How To Use Burlap In Your Garden
Burlap is commonly associated with flour sacks and coffee bags. This versatile fabric, made from a combination of plant and vegetable fibers, has more uses than just as a packaging material. Because burlap is made from natural fibers, it is safe to use in vegetable gardens and in areas where pets and children play.
Preventing Weeds & Germinating Seeds
In gardens with a problem weed area, burlap may be an effective and organic way to get rid of those pesky weeds for good. Burlap can be used in the same way as mulch to inhibit weed growth. The burlap fabric smothers weed growth while allowing water to soak through to the soil and plant roots.
Burlap helps prevent soil erosion in newly cleared areas and on steep slopes. In areas where there are bare patches of soil (such as pathways and places that have been recently tilled), cover with burlap until the area can be planted. The burlap will hold firmly to the ground and prevent the rain from washing the soil away.
Summer can be a difficult time to germinate seeds. The sun’s heat can quickly dry up the ground and the summer rains can wash the soil away from newly planted seeds. After planting seeds, cover with a layer of burlap and water. The burlap will keep the ground moist and will keep the wind and rains from washing away the newly planted seeds. When the seedlings begin to emerge from the soil, remove the burlap.
When you need help moving a shrub or tree, grab a piece of burlap. Burlap can be wrapped around the root ball to protect the roots and hold the soil in place. If plants can not be transplanted right away, the root ball can be kept wrapped in burlap until planting time to protect the roots from the elements and to retain moisture.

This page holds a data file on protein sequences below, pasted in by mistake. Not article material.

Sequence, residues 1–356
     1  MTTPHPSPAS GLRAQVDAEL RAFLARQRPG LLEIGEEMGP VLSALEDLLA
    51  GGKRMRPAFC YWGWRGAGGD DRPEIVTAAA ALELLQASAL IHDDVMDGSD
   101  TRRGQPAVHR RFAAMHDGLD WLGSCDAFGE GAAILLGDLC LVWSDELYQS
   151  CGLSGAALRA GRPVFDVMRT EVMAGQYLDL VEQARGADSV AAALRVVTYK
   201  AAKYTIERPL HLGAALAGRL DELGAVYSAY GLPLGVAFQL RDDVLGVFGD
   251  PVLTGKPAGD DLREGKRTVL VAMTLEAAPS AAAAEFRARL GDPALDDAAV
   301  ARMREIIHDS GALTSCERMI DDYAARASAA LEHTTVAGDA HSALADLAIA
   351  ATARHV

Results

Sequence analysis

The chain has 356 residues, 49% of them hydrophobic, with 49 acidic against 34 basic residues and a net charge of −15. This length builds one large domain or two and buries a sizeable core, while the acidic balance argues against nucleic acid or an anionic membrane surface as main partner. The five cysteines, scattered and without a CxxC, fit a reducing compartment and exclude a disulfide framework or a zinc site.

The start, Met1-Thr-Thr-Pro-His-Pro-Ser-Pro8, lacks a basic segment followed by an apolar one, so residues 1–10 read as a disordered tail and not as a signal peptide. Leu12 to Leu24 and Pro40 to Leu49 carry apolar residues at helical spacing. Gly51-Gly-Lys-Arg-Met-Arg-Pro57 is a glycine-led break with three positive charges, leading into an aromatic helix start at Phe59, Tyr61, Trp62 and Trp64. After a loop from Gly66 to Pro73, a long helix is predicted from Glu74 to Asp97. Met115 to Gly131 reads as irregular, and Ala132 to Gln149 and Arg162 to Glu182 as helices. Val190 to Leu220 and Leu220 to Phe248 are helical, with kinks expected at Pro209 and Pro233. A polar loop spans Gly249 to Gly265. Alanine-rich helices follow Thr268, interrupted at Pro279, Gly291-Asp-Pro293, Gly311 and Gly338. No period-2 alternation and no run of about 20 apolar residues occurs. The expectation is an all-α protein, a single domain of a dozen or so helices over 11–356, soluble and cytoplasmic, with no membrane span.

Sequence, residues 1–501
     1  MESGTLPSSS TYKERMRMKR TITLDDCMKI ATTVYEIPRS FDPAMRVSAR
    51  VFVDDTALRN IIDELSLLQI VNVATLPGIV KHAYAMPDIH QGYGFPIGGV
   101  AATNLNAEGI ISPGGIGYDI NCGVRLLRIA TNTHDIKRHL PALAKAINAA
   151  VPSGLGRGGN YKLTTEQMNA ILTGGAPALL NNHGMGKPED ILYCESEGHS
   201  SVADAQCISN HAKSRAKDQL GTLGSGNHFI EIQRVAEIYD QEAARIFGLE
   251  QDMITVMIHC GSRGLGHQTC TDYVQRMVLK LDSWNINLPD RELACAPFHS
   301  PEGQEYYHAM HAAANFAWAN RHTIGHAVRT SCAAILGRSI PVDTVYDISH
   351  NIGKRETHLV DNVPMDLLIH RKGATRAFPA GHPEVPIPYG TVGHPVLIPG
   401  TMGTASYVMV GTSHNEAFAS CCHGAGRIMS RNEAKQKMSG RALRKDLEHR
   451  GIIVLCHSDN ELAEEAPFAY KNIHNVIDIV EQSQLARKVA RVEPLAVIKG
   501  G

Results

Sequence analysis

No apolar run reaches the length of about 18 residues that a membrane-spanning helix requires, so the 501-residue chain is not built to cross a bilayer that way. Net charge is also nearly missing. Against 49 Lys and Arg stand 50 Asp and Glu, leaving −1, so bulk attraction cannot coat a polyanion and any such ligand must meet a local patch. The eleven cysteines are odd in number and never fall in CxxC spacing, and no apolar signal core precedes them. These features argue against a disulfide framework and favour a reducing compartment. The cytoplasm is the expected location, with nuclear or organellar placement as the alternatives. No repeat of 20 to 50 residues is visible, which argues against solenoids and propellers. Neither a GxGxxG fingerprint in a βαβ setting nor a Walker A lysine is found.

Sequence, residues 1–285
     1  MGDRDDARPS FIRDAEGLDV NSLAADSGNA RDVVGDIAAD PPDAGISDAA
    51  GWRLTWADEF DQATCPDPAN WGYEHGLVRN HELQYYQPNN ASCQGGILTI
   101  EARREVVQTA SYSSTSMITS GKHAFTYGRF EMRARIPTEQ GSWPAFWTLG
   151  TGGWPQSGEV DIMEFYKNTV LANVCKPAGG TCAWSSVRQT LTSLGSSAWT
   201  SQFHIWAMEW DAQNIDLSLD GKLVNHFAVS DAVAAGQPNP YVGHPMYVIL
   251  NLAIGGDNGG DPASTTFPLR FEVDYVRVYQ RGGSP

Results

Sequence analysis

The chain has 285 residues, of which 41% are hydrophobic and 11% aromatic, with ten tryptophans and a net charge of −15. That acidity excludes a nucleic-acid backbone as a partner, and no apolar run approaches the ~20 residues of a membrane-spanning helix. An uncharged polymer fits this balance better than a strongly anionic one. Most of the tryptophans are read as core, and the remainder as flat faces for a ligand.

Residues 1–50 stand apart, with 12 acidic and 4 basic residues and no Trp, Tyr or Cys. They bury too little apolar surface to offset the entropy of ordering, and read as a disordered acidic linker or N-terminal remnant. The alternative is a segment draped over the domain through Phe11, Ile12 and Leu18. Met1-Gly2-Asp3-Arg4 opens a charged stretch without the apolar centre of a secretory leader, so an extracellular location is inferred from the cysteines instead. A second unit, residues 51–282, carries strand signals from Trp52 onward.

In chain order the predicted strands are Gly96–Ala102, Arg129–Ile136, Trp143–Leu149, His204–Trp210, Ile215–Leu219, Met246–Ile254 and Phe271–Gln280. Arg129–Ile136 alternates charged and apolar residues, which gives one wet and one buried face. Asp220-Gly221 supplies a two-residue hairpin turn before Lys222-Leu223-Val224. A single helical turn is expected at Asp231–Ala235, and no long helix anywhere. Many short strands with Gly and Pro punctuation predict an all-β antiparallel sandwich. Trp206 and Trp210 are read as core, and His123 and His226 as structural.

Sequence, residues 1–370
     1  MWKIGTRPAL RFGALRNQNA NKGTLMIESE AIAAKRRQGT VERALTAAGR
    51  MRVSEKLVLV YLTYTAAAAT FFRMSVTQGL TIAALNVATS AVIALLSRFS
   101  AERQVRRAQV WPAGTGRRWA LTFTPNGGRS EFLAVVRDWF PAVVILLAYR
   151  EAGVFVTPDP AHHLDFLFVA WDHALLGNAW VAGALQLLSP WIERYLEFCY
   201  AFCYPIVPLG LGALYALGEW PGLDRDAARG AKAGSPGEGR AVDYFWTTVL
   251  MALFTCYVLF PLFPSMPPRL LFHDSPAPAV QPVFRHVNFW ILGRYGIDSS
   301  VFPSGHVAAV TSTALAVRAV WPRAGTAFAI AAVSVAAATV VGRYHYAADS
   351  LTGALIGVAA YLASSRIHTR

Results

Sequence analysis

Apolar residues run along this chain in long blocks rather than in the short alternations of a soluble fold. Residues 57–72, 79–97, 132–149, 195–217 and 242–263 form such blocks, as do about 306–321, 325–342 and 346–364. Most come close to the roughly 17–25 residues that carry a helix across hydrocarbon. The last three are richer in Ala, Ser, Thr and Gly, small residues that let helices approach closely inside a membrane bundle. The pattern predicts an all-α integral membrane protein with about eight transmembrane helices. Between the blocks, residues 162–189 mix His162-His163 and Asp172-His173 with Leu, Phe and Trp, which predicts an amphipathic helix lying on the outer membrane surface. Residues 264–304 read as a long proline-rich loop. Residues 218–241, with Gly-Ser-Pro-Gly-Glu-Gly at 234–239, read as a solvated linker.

Protecting Plants from the Elements
Burlap makes an excellent cover when plants need protection from harsh weather or nibbling pests. When the winter months prove too cold for tender plants, build a burlap wall. Place stakes around the plants, wrap the burlap around the stakes and tie the burlap to the stakes. Make sure to leave a little space between the plant and the burlap. This burlap box will keep out the freezing winds that damage tender plants. In freezing weather, any plant parts that are touching the burlap may freeze.
Here are some other ways to use burlap to protect plants:
- Before winter, perennials are cut to the ground and covered with mulch as a protection against freeze and snow. Burlap can be used instead of mulch and is just as effective. Burlap will also help keep the soil warm.
- When deer, rabbits and other nibbling pests are a problem, build a burlap fence around their favored plants.
- Trees and shrubs that are at risk of damage from the weight of heavy snow can be wrapped in burlap. This keeps the snow from accumulating on the branches and causing the branches to break.
- Store harvested root crops in a burlap bag. Vegetables, such as potatoes and onions, can be hung in a burlap bag in a cool and dark space. Burlap is breathable and does not develop condensation. Vegetables will stay dry and ventilated.
Crafty Outdoor Uses for Burlap
Burlap’s uses in the garden go beyond the functional. There are many fun and creative ways to add flourishes of burlap to an outdoor décor. Burlap’s durability makes this fabric perfect for outdoor furniture and decorations.
Here are some ideas for using burlap in decorative ways:
- Decorate a picnic table. Use burlap to make tablecloths and placemats. Cut burlap to the desired size and stitch a brightly colored yarn around the fabric edges to prevent the burlap from fraying.
- Make sturdy pillows and covers for outdoor furniture. Burlap is durable and can handle rough conditions.
- Create outdoor banners and tapestries. For a tapestry, stretch a piece of burlap over a frame. For a banner, attach a piece of burlap to a pole or round hanger. Burlap can be painted with fabric paint, stitched with bold yarn or finished with other weather-resistant fabrics.
- Weave a burlap wreath. Cover a wreath form with burlap, add a few burlap flowers and finish with ribbons and bows.
- Build a container garden. Decide where to put the container and fill a burlap sack with soil at that location. These burlap plant containers are very heavy and difficult to move.
- Organize a garden shed or potting table. Use burlap to make a wall hanging with pockets to store garden tools, seed packets, plant labels and other small items.
- Design a garden bag. Burlap makes a durable carrying bag for garden tools or freshly harvested herbs and vegetables.
Burlap can be found in most fabric stores and is inexpensive. This durable fabric can handle a variety of weather conditions, is breathable, will not mildew and will naturally compost when used around soil.